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Canadian government to tighten up boating certification in wake of accident

By Sue Richards last modified Jul 15, 2010 05:35 PM

Published: 2010-07-15 17:35:32
Countries: Canada

By IBI Magazine

A fatality resulting from a boating accident last week in British Columbia has prompted Transport Canada to change the exam that certifies boaters. The government agency reacted to outrage from the media and local boating communities after a 53-year-old man was killed when a speedboat demolished his houseboat at a slip on Shuswap Lake.

"Transport Canada believes that raising boating safety knowledge among boaters will result in safer waters," wrote Mélanie Quesnel, media advisor to the government agency, in an email to IBI. "That is why the Competency of Operators of Pleasure Craft Regulations require operators of pleasure craft fitted with a motor to obtain proof of competency."

The National Pleasure Craft Operator Competency Program, which requires all Canadian boaters to be certified, was part of a 10-year phase-in program launched in 1999. The program was designed to make Canada's waters safer. The government said, as of September 2009, it would fine anyone a minimum of C$250 who did not hold a license.

But last week's accident prompted critics to argue that the certification process is not enough. Transport Canada said it will change the current test, which is an online exam with 36 questions, to a more modular approach by September. Now, boaters have to do a boating safety course in blocks, answering questions at the end of each section.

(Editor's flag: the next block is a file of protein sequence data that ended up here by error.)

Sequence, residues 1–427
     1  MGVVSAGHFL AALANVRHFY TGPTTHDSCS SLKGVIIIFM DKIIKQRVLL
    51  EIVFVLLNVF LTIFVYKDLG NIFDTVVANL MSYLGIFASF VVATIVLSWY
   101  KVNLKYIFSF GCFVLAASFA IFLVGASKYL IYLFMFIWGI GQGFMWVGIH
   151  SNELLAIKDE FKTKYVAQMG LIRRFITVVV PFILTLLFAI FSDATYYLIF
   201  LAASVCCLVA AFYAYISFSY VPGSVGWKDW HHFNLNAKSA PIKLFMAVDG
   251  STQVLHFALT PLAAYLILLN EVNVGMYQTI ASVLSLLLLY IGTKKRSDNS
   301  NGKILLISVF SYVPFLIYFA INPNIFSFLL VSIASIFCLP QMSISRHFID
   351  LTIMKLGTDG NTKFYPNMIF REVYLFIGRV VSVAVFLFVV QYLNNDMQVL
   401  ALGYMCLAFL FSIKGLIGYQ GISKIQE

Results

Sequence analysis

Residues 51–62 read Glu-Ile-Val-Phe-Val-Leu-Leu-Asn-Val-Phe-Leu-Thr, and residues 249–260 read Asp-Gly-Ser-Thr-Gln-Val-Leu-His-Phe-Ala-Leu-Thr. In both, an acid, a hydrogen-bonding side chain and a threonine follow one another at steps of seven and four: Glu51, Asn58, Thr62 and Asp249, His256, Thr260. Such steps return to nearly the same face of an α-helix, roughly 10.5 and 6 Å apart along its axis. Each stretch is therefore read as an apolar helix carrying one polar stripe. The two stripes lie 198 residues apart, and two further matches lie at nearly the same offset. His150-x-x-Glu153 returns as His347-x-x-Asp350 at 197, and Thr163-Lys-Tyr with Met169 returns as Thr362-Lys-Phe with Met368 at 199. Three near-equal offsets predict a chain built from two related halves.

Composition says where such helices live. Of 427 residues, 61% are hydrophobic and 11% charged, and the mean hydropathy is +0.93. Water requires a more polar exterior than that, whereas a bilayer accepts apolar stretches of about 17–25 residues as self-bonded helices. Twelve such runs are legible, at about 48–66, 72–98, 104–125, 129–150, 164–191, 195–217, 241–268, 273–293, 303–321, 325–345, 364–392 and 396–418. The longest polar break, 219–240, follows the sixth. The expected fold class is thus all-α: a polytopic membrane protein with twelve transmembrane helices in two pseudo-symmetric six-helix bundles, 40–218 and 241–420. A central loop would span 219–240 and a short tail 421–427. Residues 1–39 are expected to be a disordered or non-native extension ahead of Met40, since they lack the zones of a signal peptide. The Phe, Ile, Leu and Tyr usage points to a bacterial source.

"We think it's a good thing," Robert Dupel, the media liaison of Boater Exam, told IBI. "It's a similar modular format as is done in the US. People have to spend three or four hours in front of the screen doing the course. They can't avoid it if they want to pass the test. It's more hands-on, too, with a lot of animation."

But some local boaters are skeptical of the entire process. Ted Bacigalupo, a member of the Shuswap Regional District board, told the Toronto Globe and Mail that many people on Shuswap Lake do not adhere to safe boating practices. "When you have folks coming from all parts of the country and the world, many of them don't really understand the rules," he said. "You get this real mix of boats and experience levels and everyone is influenced by a vacation mentality. It's not a good mix."

Transport Canada said it is working on an "indicators-approach" to measuring the effectiveness of the new certification program. "This means that Transport Canada will look at objective indicators such as rates of boating fatalities, injuries, hospitalizations, emergency room visits, regulatory compliance, and adoption of relevant safety practices," said Quesnel. "This assessment will help TC determine the specific impact of the program."

(9 July 2010)

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